River protection comes in the form of education, advocacy, research, and restoration. Friends of the Fox River (FOTFR) is the local leader and invests heavily in watershed education. Jenni Kempf is now the Director of Educational Program Operations. Since 2009, FOTFR has employed part- time educators to lead students in boots-on and in-stream explorations. The traditional 4-month field season has grown to a year-round initiative. Historically, FOTFR services more than 5000 students annually. Growth in educational experiences in both scope and geography is continuing. As an example, in the first three weeks of May alone, FOTFR provided experiences for 2000 youth from Richmond to Yorkville.
Help Fund the Future
Building a watershed community of caretakers requires significant human and financial resources. FOTFR’s capacity is limited only by staffing, not by the lack of programming needs. The Canoe Raffle is an initiative to fund the maintenance and growth of watershed education services.
Please consider the purchase of raffle tickets for yourself or as a gift to others – Father’s Day is near. Click here to get yours. Your support and donations make these experiences possible.
Youth are the Future
That is not just rhetoric, it is a fact. We are building a community of caretakers for the future of the Fox River Watershed. FOTFR’s primary audience is youth, the community’s largest demographic group and future leaders. The experiences that we provide nurture connections between their daily lives and the natural community. Those connections help develop a stewardship ethic that impacts them now and into the future.
Today’s Decision Makers
Referring to youth as future decision makers discounts their impacts and potential. Young children, adolescents, and young adults are making water conservation and consumer choices today and everyday. Many of these decisions have direct impacts upon the health of our watershed. And when young people decide to care for a cause, they can be a formidable force. Research has shown that an effective way to change an adult’s behavior is by pressure from their children. Quitting smoking, improved nutrition, and a cute puppy are examples. If young people are watershed caretakers, they will drive better behaviors with peers, parents, colleagues, and their governmental representatives. When students step into a stream that looks lifeless and collect small organisms, they gain a new realization of the abundance of life all around them. Connecting their own personal impacts upon water quality to the health of local streams often changes their perspective of their role as watershed residents. That in turn impacts their current and future decision making.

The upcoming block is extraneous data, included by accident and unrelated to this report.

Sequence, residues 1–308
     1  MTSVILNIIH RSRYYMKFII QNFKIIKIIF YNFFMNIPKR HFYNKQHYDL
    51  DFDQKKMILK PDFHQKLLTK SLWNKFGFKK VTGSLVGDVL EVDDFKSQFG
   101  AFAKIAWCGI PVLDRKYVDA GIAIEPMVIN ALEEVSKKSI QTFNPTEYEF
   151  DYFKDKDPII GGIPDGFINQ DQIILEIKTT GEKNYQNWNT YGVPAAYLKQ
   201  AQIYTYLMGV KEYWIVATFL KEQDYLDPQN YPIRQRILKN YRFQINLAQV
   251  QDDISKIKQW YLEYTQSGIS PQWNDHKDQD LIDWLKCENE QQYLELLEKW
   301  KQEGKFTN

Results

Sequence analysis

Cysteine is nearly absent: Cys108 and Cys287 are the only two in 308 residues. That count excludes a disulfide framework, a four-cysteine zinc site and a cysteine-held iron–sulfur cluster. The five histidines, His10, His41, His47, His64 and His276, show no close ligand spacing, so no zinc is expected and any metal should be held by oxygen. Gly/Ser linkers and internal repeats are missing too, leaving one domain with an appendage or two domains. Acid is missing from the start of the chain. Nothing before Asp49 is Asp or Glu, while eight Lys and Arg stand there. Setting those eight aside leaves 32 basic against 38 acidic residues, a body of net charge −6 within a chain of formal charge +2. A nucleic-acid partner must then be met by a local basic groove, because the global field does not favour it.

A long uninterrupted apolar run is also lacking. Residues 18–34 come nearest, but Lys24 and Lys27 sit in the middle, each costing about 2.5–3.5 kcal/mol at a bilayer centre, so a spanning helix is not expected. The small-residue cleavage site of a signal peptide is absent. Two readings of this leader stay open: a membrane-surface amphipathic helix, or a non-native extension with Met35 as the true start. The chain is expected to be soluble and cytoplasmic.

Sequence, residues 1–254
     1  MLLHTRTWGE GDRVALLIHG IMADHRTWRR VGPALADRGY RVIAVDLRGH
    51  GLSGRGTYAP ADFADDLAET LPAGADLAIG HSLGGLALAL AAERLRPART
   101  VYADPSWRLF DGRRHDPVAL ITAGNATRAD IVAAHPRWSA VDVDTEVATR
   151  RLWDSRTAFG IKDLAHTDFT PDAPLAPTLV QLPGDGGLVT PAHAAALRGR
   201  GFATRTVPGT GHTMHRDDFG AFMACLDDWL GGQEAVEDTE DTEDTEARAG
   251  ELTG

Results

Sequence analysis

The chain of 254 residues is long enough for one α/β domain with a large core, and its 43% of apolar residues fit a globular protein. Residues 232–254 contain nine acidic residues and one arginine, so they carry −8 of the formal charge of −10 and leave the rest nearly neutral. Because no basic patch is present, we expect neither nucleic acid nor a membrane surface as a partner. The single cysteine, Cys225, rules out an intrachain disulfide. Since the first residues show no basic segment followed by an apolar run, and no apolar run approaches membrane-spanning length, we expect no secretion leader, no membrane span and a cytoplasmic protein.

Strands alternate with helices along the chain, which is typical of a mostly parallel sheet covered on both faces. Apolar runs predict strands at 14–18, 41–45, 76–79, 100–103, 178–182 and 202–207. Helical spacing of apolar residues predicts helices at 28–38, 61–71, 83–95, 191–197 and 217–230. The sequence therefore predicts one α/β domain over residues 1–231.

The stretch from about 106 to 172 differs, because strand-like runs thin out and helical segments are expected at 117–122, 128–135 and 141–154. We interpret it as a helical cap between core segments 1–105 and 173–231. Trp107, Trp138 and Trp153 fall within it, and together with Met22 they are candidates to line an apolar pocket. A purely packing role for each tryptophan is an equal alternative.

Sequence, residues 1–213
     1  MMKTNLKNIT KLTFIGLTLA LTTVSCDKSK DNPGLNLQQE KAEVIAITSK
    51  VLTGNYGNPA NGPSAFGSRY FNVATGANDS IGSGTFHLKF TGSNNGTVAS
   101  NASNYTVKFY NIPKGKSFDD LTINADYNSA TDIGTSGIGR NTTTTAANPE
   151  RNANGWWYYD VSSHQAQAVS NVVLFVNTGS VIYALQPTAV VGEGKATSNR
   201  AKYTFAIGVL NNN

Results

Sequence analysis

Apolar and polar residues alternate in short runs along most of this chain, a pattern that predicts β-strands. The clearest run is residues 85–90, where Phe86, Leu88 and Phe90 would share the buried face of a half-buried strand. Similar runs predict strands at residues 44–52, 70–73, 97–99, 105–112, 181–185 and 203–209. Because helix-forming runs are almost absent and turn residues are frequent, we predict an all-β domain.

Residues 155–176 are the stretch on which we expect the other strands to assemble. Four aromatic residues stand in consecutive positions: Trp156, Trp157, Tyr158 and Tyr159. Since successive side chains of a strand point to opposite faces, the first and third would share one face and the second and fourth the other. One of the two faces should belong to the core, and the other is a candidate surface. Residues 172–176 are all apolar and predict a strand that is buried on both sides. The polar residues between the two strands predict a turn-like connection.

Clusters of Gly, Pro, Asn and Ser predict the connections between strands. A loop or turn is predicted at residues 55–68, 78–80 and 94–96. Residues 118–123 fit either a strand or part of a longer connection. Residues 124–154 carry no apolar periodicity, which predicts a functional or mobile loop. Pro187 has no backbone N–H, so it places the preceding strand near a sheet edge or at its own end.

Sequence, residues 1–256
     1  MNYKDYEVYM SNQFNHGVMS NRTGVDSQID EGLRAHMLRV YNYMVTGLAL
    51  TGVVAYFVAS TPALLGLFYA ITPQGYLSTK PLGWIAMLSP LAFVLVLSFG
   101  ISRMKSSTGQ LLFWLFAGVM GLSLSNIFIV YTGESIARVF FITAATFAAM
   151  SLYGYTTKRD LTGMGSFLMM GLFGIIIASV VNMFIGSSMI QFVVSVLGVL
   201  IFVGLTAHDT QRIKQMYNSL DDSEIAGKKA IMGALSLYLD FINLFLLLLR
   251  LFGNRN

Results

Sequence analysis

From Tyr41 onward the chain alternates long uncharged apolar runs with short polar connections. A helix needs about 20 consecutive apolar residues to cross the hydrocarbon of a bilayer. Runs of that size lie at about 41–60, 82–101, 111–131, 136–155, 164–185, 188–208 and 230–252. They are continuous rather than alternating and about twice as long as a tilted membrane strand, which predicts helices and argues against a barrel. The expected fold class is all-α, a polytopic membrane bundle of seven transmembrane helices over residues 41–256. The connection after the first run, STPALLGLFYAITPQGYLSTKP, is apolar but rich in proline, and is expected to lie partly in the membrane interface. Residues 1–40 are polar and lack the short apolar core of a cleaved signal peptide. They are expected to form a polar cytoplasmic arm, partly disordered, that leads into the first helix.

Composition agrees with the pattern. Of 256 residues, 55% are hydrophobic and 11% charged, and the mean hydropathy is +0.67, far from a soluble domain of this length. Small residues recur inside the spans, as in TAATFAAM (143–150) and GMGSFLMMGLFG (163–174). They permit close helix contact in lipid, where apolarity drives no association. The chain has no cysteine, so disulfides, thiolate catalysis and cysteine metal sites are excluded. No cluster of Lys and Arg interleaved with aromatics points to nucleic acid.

Today, more than ever in our culture, we are disconnected from the natural world. We get food from a store or drive-up window. We spend more time playing and learning on a screen than we do being outside. The world that has sustained us forever has become foreign and scary. Many students lack any opportunities for nature play. Watershed education is now essential for introducing students to their relationship with Earth’s systems.
Diversity in Delivery
FOTFR offers a diversity of experiences to youth. Those 2000 students we engaged in May experienced in-stream data collection, pond explorations, in-class presentations, field trips, after-school/on-campus field work with hands-on activities at community events, and canoeing. These activities involved the general public (community events and library programs), students (public and private), scouts, and Dundee Township Boys and Girls Club members. Many students rarely have any outdoor experiences in their regular school day or in their lives beyond school. FOTFR works with schools and youth groups to provide meaningful watershed educational experiences that are incorporated with the school curriculum.
Building a Culture
Watershed education is not just the delivery of terms and concepts. It involves directly connecting a student’s life to the natural world. That guiding principle comes from Aldo Leopold who said, “We abuse land because we regard it as a commodity belonging to us. When we see land as a community to which we belong, we may begin to use it with love and respect.” FOTFR leads unique experiences that connect students to nature.